Adia Threatt, a freshman accounting major and supply chain management minor born in Tahlequah, Oklahoma, graduated from Kadena High School on the Kadena Air Force Base in Okinawa, Japan. Growing up in a military family has exposed her to new cultures and new experiences. Her empathetic nature inspired her to work with other young daughters of military families, addressing both the victories and hardships that they may face. Adia has a strong passion for serving others and aims to have a positive impact on their lives through mentoring and friendship.
Question: Tell me more about the mentoring you did with the young girls? How has that impacted your life?
Answer: The summer right before I moved to Okinawa, I was given the opportunity to be a mentor at this summer camp called Outdoor Odyssey. It’s supported by the Semper Fi Fund, which supports and gives aid to wounded warriors. All of the girls who were there, one of their parents had been traumatized, killed, or injured while in combat or overseas. We were each assigned one younger girl. We were their mentors for the week; we were their best friends. We took them to all of their activities. We encouraged them to talk about things –– to let them know that we’re here, that we can talk about it, that we can relate to them in this sense.
We went through the week doing trust activities, open activities. We had cabins but we only slept in the cabins two nights out of the entire week. There was a lot of bonding outside of our tents. It was just trying to give them another person to be there for them and to give them a break from some of the detrimental things going on at home.
The girls ranged from ages 7-12. My girl, Carley, was 10 or 11. I was 15, almost 16, when we met. We still talk every now and then on Facebook.
You sign up for it thinking, ‘Oh, community hours. I’ll get to go and spend time in the outdoors.’ Whenever you actually get there, and meet the girls and hear their stories, you just think, ‘We all have our hardships, but we could have it so much worse.’ It was extremely touching, and it was awesome to know that all of these girls did look up to us.
It made me want to continue to be a mentor, not only for Carley, but anyone else. I want to let people know that I can be there for them.
Question: How is your first semester going?
Answer: So far so good. A lot of people have their different opinions about college. I don’t really think it’s harder than previous education if you go to class and get all of your work done on time and have time management. I’ve met a ton of great people.
I’m in Leadership Walton and in the Path Program. I’m soon to be initiated into my sorority, Phi Mu. I’m getting pretty involved and meeting a lot of good people and trying to volunteer and be in everyone’s good graces.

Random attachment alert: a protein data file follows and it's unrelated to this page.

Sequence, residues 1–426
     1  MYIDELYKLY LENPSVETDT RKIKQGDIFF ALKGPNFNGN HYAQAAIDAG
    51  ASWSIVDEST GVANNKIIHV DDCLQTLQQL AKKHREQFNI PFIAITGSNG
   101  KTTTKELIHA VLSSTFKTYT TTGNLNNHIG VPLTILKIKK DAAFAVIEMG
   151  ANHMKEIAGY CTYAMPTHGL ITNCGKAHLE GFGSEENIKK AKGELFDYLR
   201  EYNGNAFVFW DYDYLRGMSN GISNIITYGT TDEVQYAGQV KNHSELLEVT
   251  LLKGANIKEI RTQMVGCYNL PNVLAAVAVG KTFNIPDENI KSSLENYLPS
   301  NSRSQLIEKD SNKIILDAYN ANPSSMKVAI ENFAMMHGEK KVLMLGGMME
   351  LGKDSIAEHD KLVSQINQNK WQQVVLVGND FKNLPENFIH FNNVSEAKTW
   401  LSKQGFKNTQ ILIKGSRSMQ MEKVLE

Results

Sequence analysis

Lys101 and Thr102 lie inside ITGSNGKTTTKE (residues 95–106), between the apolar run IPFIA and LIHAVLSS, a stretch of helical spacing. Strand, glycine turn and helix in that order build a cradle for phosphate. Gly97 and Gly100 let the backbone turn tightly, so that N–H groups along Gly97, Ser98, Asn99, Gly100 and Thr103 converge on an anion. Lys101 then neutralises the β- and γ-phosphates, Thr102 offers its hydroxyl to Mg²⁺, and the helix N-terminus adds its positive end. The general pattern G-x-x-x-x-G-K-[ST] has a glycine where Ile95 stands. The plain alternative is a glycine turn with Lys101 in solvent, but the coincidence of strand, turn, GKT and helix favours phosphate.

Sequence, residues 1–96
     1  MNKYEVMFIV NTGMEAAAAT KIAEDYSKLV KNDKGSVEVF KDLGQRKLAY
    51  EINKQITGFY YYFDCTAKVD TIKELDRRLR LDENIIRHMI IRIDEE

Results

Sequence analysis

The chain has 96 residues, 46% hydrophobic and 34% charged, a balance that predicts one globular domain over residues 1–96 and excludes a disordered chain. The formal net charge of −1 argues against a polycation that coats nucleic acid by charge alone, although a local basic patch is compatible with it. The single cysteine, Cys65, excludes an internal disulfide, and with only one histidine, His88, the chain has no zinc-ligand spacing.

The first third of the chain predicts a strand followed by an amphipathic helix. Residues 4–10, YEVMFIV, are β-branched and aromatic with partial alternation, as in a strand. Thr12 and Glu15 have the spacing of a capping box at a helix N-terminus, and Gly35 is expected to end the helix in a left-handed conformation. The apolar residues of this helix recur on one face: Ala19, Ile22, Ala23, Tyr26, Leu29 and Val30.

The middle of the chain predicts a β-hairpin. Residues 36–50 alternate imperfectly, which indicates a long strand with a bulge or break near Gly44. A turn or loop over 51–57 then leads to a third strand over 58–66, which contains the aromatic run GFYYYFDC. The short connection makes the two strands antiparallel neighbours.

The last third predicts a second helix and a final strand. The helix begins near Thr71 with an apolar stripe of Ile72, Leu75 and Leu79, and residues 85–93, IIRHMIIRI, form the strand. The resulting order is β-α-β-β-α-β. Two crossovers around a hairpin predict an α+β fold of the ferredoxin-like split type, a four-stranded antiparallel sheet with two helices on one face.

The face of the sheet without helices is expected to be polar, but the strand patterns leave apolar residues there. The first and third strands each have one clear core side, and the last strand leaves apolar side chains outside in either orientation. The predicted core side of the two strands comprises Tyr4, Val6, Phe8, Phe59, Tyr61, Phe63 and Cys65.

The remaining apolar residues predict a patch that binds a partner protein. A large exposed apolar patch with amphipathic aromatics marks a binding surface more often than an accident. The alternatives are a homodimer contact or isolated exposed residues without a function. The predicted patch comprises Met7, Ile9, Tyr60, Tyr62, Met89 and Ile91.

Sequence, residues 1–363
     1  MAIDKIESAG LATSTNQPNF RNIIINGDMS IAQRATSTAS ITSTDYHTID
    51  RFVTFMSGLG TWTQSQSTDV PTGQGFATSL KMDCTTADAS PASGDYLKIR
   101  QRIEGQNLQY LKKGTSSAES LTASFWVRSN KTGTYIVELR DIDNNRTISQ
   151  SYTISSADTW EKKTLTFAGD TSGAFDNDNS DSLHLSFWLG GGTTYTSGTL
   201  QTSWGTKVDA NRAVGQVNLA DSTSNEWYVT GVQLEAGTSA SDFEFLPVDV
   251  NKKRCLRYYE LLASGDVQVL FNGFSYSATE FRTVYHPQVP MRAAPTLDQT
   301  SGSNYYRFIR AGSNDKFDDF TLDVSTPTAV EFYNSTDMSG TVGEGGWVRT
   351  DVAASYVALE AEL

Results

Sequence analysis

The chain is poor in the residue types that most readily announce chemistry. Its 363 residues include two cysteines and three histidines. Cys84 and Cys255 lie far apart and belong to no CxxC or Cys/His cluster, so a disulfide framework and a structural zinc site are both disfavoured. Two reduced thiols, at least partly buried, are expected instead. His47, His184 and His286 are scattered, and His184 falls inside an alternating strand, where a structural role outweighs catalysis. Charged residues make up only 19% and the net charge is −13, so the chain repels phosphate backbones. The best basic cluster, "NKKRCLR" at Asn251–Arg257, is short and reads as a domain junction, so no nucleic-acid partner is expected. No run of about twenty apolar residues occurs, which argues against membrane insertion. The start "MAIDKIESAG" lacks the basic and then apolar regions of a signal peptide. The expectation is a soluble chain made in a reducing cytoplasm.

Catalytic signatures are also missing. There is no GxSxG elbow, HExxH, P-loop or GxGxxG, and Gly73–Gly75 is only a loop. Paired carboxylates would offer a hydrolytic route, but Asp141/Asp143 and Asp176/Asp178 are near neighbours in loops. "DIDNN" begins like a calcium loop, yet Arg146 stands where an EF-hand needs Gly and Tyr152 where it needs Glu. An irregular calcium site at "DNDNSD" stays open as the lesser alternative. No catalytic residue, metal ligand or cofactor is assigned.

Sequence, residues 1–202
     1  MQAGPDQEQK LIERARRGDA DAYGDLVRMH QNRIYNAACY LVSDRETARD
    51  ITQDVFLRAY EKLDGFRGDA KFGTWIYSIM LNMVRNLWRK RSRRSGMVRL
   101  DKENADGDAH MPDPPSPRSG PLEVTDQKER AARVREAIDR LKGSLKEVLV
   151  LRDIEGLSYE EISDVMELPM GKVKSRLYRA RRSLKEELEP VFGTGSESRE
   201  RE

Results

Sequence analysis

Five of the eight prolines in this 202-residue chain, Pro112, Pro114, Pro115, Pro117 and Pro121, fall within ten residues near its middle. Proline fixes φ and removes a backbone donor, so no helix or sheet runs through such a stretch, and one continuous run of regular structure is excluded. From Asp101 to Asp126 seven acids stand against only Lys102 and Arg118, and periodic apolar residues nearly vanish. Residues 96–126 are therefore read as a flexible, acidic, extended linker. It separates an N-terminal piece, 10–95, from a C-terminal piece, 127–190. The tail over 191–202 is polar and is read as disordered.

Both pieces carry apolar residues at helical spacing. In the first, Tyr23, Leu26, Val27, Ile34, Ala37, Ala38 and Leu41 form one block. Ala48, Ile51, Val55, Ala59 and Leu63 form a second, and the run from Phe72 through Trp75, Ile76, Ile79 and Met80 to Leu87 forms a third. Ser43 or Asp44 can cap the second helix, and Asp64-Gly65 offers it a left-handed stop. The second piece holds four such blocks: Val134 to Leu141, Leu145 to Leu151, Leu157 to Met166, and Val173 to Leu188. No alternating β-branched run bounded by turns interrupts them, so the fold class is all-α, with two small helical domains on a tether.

Question: Was the transition from Okinawa to Arkansas difficult?
Answer: I can remember before I moved away from Arkansas, I would say to myself, ‘Man, I want to get out of here. I want something new.’ And so I got it. Then when I was in Okinawa, I was seeing all of the stuff from my people in high school and my friends who were starting college, and I would say, ‘Man, I would give anything to go back home.’ When I was in Okinawa, I missed my mom’s side of the family, my friends back home, and even driving on the right side of the road. Now that I’m back home I’m definitely enjoying myself because I am on my own. Of course I miss Okinawa and the culture and a lot of diversity – many different aspects, not just racial or cultural. There were so many different flavors and the food was always fresh. I really miss the sushi! There was also the custom of taking off your shoes inside. It was considered rude not to, so I’m still mindful of that.
I miss my parents and little brother as well. I probably could have arranged to go [to Okinawa] for Christmas break, but I chose not to because I haven’t seen my family in this area for Christmas for the past two years. My family is actually moving back to the States next summer, so it would be pointless for me to go then. So I probably won’t be going back, sadly.
Question: Why did you choose to join the Path Program? What do you see as the overall benefit from joining?
Answer: After not getting accepted into the Honors College, I was kind of upset, but obviously I knew why, because my scores weren’t high enough. When I had the opportunity to join the Path Program, I saw it as a way to enhance my chances of getting into the Honors College because it would give me that extra boost. Plus, I would get the extra support of a mentor group and other people in the same boat so we could lift each other up and push each other to reach our goals. I thought that was awesome, so I immediately went and applied for it. I think it will benefit me because I do see myself getting into the Honors College. Having the Path Program behind me is an extra reminder that if I don’t reach this, it’s on me. It holds me accountable.